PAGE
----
• Dr Pir Abdul Ahad Aziz Qureshi, radiologist, Pakistan

10th Nov 2021 09:00 UTC

Operation weeds

Operation Weeds was a massive, and largest, editorial project ever undertaken by our editorial board targeted at cleaning up many of the earliest-uploaded cases, particularly those with missing findings or content in the now-deprecated "series specific findings". 

It involved the entire editorial board trawling through over ten thousand cases to remove series specific findings and edit cases to ensure they were in line with the style guide. Additionally, many cases that were no longer considered acceptable under our current standards were either deleted, pushed back to draft/made unlisted or labeled as a 'legacy case'.

The project commenced in March 2018 and finished in November 2021. 

The timeline of Operation Weeds over the 44 months it took to complete.

It is impossible to quantify the sheer amount of hours the entire editorial board spent on this project, so much has changed in everyone's lives yet this project kept humming along. 

Now series specific findings are removed, Radiopaedia's developers can clean up a portion of obsolete code from the site (they are very excited to remove code!) and spend more time improving the way we interact with cases. 

Operation weeds

  • 44 months
  • every member of the editorial board
  • 10,277 cases cleaned up
  • many friendships made along the way

2nd Sep 2021 07:16 UTC

Operation Fixation

Operation fixation was an editorial project that ran from July-August 2021. It was the first editorial project to be run on the Discord server. When I uploaded this case:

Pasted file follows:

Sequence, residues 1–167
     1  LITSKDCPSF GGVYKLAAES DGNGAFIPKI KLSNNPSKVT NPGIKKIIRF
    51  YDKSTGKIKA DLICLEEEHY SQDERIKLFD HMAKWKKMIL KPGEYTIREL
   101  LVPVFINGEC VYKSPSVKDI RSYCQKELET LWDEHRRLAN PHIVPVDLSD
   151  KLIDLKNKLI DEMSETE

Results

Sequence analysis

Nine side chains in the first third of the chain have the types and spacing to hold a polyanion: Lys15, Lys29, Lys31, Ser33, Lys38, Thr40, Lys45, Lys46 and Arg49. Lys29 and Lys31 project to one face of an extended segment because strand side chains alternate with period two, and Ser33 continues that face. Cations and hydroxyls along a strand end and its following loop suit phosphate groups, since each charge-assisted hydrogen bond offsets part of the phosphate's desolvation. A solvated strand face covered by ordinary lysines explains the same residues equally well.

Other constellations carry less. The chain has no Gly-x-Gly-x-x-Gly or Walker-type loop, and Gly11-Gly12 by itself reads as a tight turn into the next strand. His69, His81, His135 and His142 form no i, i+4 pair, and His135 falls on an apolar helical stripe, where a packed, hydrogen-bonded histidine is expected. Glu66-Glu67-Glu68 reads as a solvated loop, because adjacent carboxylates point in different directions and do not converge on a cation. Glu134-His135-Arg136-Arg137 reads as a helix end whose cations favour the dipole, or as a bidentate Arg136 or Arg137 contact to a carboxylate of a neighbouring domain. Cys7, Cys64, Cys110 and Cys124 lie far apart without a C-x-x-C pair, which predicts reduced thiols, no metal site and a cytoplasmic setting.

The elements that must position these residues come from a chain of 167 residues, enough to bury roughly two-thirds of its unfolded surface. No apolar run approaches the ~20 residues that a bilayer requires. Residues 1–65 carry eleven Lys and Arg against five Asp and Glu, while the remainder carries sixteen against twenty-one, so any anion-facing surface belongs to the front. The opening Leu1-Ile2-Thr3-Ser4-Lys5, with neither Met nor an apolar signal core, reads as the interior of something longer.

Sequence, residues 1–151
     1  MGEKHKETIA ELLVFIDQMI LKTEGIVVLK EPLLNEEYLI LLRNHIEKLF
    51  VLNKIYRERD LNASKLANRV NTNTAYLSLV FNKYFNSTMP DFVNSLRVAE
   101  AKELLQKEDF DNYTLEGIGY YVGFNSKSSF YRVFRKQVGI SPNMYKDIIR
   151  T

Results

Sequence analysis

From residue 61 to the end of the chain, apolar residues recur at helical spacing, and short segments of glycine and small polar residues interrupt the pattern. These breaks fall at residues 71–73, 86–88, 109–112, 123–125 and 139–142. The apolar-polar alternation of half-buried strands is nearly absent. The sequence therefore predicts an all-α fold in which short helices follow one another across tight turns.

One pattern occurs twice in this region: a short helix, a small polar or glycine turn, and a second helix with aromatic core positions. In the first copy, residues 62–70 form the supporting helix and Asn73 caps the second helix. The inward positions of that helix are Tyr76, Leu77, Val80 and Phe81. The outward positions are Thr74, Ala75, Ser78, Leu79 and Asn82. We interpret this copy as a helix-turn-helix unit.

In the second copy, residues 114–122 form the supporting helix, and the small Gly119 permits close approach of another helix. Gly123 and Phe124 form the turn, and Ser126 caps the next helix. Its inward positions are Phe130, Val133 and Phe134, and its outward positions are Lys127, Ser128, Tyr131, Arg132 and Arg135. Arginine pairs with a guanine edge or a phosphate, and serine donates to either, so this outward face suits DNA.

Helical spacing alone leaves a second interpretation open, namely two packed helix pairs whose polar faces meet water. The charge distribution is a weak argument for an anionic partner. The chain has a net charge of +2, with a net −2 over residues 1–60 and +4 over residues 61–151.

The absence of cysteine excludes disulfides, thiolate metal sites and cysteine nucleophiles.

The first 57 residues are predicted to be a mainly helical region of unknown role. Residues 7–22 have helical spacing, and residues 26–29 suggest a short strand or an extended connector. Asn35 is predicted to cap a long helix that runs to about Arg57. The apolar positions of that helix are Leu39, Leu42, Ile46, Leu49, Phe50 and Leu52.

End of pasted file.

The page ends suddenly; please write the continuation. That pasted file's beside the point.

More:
Failed posterior instrumented lumbar fusion (rID: 89283)

After realizing our Reference Articles on spinal fixation was incomplete, a list of common surgical procedures was completed and the project was launched and a team assembled on Discord of (in alphabetical order):

  • Dr Joachim Feger, radiologist, Germany
  • Dr Jeremy Jones, radiologist, Scotland
  • Dr Henry Knipe, radiologist, England
  • Dr Fabio Macori, radiologist, Italy
  • Faiyaz Rahman, medical student, Australia

We went to work and created 29 new articles and updated 8 existing articles. This is a fantastic result having developed a little but important corner of Radiopaedia. Also, the first project run on Discord was a great success and after the project, Dr Fabio Macori was appointed subeditor and Faiyaz Rahman appointed student editor on our editorial board. 

Click here to join the Radiopaedia community on Discord.

The Radiographics update initiative was an editorial project that ran from September 2018 to July 2021. Radiographics is one of the best-known radiology journals with a focus on high-quality review and educational articles and it is this quality that attracted our editors to use it as a springboard to ensure that Radiopaedia remained relevant and up-to-date. 

This project was led by Dr Matthew Morgan and had over a dozen editors involved. Over the course almost three years

  • 79 new articles were created
  • 322 articles were updated
  • 34 multiple-choice questions were written

Like the sun sets, all editorial projects eventually wind down. Keep an eye out for a new review-style project set to be launching soon!